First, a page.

April 18, 2002

Mixed Message to Bush

One message from this week\’s rally at the Capitol was clear — solidarity with the State of Israel and its people. Much less clear was the message to the Bush administration. Signs, speakers and more than 100,000 demonstrators touted support for the U.S. war on terrorism. But few expressed support for Secretary of State Colin Powell\’s current mission in the Middle East, his meetings with Palestinian Authority President Yasser Arafat and the Bush administration\’s call for Israel to end its military incursions into the West Bank. A handful of U.S. senators and non-Jewish political leaders mentioned the Powell mission. American Jewish and Israeli leaders skirted it. But while the Jewish leadership tried to stick to positive tones, a State Department official said the lasting image of the rally will be the negative response to the Bush administration\’s sole representative, who spoke from the administration\’s playbook.

Israel on Their Minds

\nFor Jews in Los Angeles, the Middle East conflict in recent weeks has reached a frightening intensity. But for local Israelis with family residing in Israel, the emotional stakes have become particularly poignant.

Israeli Folk Dancing: The Phenomenon

They are doing Rachel in Rio, Lamdi Oti in London, Dira 26 in Dimona and Biladaich in Boston. Israeli folk dancing is all the rage, and is possible almost any night of the week here in Los Angeles. And if you happen to be traveling out of town, no need to put your hobby on hold, chances are good you can dance there, too. Israeli folk dance aficionados can find a way to entertain themselves almost anywhere in the world.

A Man of Honor

To say that Shimon Erem deserves to receive the Distinguished Community Service Award from the Council of Israeli Community (CIC) for his work on behalf of Israel seems, upon meeting him, like an understatement. This man has not just worked for but literally fought for, lobbied on behalf of and financially supported Israel for more than six decades. One would be hard-pressed to find such a devoted American-born Zionist.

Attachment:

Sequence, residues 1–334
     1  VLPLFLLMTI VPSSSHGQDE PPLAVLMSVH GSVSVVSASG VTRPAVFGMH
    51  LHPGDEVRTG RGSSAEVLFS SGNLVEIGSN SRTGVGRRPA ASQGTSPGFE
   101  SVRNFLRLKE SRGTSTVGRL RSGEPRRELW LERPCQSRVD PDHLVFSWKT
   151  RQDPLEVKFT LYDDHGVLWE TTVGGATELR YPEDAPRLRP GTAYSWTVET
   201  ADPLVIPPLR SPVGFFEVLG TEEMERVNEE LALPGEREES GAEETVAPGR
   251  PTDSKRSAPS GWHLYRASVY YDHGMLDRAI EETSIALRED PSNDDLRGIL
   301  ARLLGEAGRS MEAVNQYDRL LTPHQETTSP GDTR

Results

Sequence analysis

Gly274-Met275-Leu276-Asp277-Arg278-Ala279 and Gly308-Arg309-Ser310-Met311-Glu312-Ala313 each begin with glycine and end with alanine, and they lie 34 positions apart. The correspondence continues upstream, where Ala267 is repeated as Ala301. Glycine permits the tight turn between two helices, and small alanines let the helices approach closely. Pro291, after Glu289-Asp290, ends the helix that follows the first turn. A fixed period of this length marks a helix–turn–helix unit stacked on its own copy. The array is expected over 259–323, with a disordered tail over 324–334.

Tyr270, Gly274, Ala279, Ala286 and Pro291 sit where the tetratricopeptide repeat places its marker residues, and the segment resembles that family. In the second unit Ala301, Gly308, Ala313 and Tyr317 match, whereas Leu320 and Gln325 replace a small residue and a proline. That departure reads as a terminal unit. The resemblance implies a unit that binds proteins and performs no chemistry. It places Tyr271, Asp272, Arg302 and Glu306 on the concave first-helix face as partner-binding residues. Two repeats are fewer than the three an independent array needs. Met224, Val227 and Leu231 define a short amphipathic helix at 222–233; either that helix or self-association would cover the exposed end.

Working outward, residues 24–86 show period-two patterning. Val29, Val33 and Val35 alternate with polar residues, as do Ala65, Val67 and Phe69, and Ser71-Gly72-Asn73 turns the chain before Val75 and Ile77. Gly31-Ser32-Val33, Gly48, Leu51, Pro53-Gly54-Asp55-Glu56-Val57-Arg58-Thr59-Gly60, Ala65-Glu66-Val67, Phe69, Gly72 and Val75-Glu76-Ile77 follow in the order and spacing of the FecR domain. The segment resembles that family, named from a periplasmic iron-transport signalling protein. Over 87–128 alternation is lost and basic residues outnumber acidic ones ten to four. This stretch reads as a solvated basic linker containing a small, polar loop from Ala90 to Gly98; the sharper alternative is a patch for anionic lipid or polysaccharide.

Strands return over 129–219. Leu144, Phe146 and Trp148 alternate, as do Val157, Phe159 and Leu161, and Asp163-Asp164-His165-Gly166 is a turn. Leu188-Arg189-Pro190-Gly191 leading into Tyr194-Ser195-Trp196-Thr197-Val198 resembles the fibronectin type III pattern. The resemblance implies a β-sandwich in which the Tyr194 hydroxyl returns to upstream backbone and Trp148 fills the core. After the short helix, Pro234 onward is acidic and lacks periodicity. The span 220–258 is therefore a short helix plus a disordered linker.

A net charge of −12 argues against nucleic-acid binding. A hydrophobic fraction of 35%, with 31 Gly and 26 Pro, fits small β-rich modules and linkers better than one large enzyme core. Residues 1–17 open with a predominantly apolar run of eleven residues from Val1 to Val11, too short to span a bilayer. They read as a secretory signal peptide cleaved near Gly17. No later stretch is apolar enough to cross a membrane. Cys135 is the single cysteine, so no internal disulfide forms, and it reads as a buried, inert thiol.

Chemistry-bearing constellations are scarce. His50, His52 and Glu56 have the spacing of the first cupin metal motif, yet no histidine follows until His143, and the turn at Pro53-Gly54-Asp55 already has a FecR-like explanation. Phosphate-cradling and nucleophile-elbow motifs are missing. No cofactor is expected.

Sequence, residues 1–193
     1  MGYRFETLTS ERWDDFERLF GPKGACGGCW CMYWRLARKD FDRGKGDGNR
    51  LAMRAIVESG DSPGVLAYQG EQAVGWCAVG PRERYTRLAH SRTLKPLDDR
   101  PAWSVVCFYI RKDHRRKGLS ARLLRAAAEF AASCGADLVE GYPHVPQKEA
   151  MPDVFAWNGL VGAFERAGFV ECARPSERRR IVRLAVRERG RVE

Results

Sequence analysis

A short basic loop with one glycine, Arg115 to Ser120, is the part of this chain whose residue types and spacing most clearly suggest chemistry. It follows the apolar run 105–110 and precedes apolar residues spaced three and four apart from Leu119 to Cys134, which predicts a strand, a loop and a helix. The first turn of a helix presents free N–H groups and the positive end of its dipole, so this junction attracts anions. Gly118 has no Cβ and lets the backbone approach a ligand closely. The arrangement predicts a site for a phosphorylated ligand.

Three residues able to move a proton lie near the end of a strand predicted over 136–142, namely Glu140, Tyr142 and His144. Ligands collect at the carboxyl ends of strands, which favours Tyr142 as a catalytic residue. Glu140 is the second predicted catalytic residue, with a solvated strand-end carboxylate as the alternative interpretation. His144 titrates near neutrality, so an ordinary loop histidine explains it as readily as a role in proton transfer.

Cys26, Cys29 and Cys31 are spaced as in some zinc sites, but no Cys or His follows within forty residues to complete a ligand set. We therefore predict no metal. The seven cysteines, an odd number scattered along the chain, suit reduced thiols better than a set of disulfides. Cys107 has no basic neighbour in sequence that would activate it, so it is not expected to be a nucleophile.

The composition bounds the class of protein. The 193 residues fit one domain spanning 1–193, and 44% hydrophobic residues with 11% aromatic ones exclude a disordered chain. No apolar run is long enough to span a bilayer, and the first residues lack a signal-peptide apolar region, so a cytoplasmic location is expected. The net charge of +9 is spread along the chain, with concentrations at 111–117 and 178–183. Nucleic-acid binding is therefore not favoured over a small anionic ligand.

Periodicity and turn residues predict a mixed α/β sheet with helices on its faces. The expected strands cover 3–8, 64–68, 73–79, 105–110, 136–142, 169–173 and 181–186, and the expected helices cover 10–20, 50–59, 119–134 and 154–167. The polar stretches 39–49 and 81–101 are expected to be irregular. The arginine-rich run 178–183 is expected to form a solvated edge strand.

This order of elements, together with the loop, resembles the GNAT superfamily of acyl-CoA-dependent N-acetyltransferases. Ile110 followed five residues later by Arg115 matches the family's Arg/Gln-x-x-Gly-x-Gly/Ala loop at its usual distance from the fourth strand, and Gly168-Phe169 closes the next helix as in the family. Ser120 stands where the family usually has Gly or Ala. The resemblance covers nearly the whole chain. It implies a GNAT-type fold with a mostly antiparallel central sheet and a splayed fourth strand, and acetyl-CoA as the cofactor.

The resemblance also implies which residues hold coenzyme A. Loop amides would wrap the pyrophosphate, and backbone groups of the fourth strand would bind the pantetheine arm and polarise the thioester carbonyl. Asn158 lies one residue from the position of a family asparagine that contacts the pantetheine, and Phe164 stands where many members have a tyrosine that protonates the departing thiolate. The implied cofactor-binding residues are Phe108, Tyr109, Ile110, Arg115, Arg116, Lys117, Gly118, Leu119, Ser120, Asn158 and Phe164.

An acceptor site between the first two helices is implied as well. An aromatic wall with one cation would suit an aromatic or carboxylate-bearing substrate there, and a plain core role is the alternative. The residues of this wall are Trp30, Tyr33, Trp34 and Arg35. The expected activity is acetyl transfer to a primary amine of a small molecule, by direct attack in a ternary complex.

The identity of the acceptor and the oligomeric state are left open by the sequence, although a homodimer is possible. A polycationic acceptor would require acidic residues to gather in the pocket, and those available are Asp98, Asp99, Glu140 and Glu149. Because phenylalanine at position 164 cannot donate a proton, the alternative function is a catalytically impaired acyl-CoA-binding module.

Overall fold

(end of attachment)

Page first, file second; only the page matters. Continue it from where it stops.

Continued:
Some Talk, Lots of Action

The Council of Israeli Community (CIC), an organization primarily known for planning the annual Israeli Independence Day Festival in Los Angeles, is moving in new directions in the wake of the current Middle East crisis.

According to Vice President Haim Linder, the CIC (originally called the Council of Israeli Organizations) came together in 1996 as one arm of a nonprofit umbrella organization called the Promoting Israel Education and Culture Fund. The group adopted its current title and mission statement on Sept. 10, 2001.

\”We got together at Valley Beth Shalom. At noon we went home, knowing we had a new organization, and then we all know what happened the next day,\” Linder said.

Paredes Found

Without much fear of contradiction, Mark Paredes observes, \”I think I\’m the only biracial Mormon representing the state of Israel abroad.\”\n\nParedes, a personable bachelor in his early 30s, appointed earlier this year as press attaché at the Consulate General of Israel in Los Angeles, has other claims to distinction.\n\nHe speaks seven languages fluently (English, Italian, Russian, Hebrew, Spanish, French and Portuguese), served as a U.S. foreign service officer in Mexico and Tel Aviv, and studied at Brigham Young University, University of Texas and the Moscow University of Steel and Alloys.

Young Man on Campus

Last week I worried in this space that our college students were ill-equipped to defend American Jewry\’s pro-Israel position. I asked for a volunteer to explain what\’s going on. Luckily, Donald Cohen-Cutler, a UC Davis freshman and an international relations major, stepped up to the plate.

I say \”luckily\” because events on campus are even worse than I had suspected. Of course, I remember the beginnings of the Jewish-Muslim rift on campus during the first intifada. But I don\’t remember blatant insults to Jewish ritual and history. That\’s what\’s happening now (see story, page 10).

‘We Knew We Had to Come’

It was 90 minutes into the community\’s largest public mobilization in 15 years, and Jews from around the country continued to stream toward the U.S. Capitol, clamoring to get into the pro-Israel rally.

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More news and opinions than at a Shabbat dinner, right in your inbox.

More news and opinions than at a Shabbat dinner, right in your inbox.